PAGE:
Video: The Call Everyone’s Talking About – Somehow The Refs Gave The Ball To Duke

first_imgduke wisconsin national championship controversial call refereesDuke won the national championship tonight. The Blue Devils defeated Wisconsin, 68-63, giving Mike Krzyzewski his fifth national title. Coach K’s team’s path to the title against the Badgers was partially secured by a questionable call by officials late in the second half. With 1:53 remaining in the game and Duke up, 63-58, Wisconsin’s Bronson Koenig missed a layup and attempted to get the ball back. Blue Devils’ forward Justise Winslow fought him for the ball and it went out of bounds. It was tough to tell who the ball went off during the live action. The officials originally ruled it was Duke’s ball and then went to the monitors. Watch Winslow’s finger bend backwards, an obvious sign that he touched the ball last. Apparently the refs didn’t have this angle, because Duke held possession after the replay. On the ensuing play, Blue Devils’ freshman guard Tyus Jones – the Final Four’s Most Outstanding Player – knocked down a 3-pointer to put his team up eight, essentially securing the win. This will be a tough one to get over, Badgers.last_img read more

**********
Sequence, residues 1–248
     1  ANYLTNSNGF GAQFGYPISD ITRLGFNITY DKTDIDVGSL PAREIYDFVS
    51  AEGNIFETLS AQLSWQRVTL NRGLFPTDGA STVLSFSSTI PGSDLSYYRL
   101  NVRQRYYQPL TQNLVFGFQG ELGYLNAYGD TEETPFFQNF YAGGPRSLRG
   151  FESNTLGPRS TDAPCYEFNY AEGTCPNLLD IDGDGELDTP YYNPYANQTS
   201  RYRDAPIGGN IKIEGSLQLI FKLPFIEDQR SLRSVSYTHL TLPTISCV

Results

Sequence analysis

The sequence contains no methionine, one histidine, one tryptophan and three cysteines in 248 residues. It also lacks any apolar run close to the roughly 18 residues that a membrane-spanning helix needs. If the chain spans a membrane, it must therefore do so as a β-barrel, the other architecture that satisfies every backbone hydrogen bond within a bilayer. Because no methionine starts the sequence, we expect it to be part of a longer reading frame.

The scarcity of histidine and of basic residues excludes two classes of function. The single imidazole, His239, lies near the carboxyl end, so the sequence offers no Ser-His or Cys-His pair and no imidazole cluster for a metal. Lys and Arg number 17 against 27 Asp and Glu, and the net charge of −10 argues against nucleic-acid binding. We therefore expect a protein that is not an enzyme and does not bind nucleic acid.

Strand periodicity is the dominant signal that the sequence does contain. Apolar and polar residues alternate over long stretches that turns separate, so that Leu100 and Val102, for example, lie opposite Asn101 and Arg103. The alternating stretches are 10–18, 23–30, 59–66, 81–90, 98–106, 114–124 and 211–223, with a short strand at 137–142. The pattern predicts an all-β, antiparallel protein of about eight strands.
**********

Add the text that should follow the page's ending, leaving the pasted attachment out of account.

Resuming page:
Fate of Indias 1st pvt metro likely to be decided today